When it comes to mysteries and thrillers the number one thing that can draw me in is a spooky setting. In particular, I look for houses/manors that have that haunted feeling to them. It’s great if you like to be unsettled and on edge but not outright scared. This book also features the common but for a good reason trope of isolation (there’s a snowstorm trapping them at the estate). Something I only recently discovered this year is how I also like unreliable narrators. Eleanor has PTSD and this leads to a sense of disquiet and unreality in her POV. The icing on the cake was the ending which had my jaw dropping. I definitely didn’t see it coming!


MY WORST BOOKS OF 2022


1.The Overnight Guest by Heather Gudenkauf (Adult Thriller)

WHAT IT’S ABOUT:

While writing in an isolated farmhouse during a storm, Wylie Lark discovers a child whose been in an accident. She brings the child inside but it soon becomes clear someone is after them.

WHY IT’S THE WORST:

This novel is genuinely the most disturbing book I’ve ever read. I should have DNF’d it because it left me feeling sad and disgusted upon finishing it. The past timeline follows a traumatized child who discovers the bodies of her family members and that is NOT what I signed up for. Even if you could look passed all of that then there still isn’t anything worth reading here. The plot and character identities were predictable and Wylie’s decisions made no logical sense for her character.


2. Reckless Girls by Rachel Hawkins (Adult Thriller)

WHAT IT’S ABOUT:

Lux and her boyfriend are hired to take two girls on vacation to a deserted island. When they arrive they find another couple already there. Things devolve when a body is found. Is there a murderer on the island with them or is one of them the killer?

WHY IT’S THE WORST:

The premise sounds so good, right? An isolated setting with a haunting history, strangers, dead bodies. The problem lies with the fact that there is very little of anything that could remotely be considered actual plot to be found in this book. About 90% of the book is shallow characters drinking, relaxing, and partying on a beach. There was none of the tension and mystery and unsettling scenes that I was anticipating. I was bored reading the book and that isn’t how one should feel reading a thriller.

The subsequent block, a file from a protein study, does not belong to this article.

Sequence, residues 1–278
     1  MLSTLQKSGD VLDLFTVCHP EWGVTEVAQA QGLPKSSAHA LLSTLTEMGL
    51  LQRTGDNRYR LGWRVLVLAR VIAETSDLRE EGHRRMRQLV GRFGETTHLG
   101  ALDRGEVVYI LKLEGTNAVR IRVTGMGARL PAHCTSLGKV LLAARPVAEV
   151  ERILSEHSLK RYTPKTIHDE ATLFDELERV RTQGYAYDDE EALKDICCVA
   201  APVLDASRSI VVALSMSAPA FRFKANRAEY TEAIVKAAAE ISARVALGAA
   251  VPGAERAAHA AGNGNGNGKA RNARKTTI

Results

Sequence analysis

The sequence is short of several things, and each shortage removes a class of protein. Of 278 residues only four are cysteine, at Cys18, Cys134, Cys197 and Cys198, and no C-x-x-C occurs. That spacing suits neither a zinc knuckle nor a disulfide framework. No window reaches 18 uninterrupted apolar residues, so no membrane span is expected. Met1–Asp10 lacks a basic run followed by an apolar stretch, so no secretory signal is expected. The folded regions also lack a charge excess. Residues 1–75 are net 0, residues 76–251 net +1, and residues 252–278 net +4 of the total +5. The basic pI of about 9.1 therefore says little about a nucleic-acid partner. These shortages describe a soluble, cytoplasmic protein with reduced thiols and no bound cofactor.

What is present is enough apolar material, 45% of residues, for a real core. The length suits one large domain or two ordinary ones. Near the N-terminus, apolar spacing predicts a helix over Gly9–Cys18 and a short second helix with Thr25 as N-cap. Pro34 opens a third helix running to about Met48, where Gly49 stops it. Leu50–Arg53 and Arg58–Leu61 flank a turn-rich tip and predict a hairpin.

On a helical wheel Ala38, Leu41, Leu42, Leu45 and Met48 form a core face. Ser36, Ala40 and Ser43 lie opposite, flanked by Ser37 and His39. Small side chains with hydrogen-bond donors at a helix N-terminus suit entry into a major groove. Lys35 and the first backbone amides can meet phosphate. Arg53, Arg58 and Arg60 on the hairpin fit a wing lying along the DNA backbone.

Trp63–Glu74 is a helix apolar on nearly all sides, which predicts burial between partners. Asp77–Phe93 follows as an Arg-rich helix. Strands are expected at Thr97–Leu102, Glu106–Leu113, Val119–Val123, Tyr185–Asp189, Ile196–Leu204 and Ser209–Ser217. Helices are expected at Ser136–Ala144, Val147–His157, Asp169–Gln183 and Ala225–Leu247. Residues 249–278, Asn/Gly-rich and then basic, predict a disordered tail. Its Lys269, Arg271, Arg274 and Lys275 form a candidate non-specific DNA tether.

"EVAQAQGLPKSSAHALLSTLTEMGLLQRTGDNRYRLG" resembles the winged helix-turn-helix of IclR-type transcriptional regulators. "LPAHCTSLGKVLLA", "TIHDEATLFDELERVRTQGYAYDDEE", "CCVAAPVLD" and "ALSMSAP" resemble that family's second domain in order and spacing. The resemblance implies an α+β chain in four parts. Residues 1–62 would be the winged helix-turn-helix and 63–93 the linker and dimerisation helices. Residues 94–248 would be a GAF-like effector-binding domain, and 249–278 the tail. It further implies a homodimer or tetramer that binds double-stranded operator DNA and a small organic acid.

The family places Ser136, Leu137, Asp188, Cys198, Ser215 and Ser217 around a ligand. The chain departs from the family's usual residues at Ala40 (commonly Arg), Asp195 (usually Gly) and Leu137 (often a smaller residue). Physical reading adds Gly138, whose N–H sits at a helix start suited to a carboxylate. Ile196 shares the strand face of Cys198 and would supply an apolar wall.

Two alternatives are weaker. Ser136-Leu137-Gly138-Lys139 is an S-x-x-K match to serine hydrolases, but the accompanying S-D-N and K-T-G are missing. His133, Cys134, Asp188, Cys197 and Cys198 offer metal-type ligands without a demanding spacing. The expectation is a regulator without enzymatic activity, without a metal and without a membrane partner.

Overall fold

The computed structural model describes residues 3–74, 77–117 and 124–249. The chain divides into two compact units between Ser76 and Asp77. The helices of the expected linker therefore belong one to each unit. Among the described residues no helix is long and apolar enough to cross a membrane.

2. They Never Learn by Layne Fargo (Adult Thriller)

WHAT IT’S ABOUT:

Dr. Scarlett Clark kills a man who sexually assaults/abuses women on her college campus every year. Student Carly becomes obsessed with revenge after her roommate is sexually assaulted at a party.

WHY IT’S THE WORST:

In my experience the thriller genre is in the dark ages when it comes to mental health representation. Oftentimes they perpetuate that idea that those with mental illness are all dangerous. Scarlet, a killer, is portrayed as growing up an awkward outsider with society anxiety. This is so harmful to the mental health community and sickens me. This novel also tries to paint feminism in a very twisted light that is far from favorable. Additionally, there are unnecessary scenes of women being assaulted and abused. I understand what Fargo’s intentions were, but she missed the mark big time.


3. Hench by Natalie Zina Walschots (Adult Sci-fi)

WHAT IT’S ABOUT:

Anna is a hench, which means she works for supervillains. When she is fired from her job after a work-related injury she soon finds employment with the most dangerous villain there is.

WHY IT’S THE WORST:

The concept of this book had so much promise and I liked how Anna took her pain and turned it into her power. Yet somehow Anna was the most boring main character ever. She’s bland personality wise and is sidelined during the climax of the novel. The pacing is too meandering and the world building is lacking. Finally, the novel’s conclusion was too open ended for a book that is supposed to be a standalone.


5. Shadowsong by S. Jae-Jones (YA Fantasy)

WHAT IT’S ABOUT:

After her time in the underground falling in love with the Goblin King in Wintersong, Liesel has returned to the surface in this sequel. The underground might not be ready to let her go, though, as the barrier between above and below ground is breaking down.

WHY IT’S THE WORST:

Liesel was the least compelling character in this story. In the first book, she is not always likeable but still had her redeeming qualities. Her bad qualities much outweigh her good ones in this book, though. The romance was a main part of the plot of the first book but that’s nonexistent here. The Goblin King as a character doesn’t really have much of a role at all in this sequel. The overall plot is also just quite boring despite having such promising material to work with. For as much as I liked the first book this wasn’t a good sequel and series conclusion.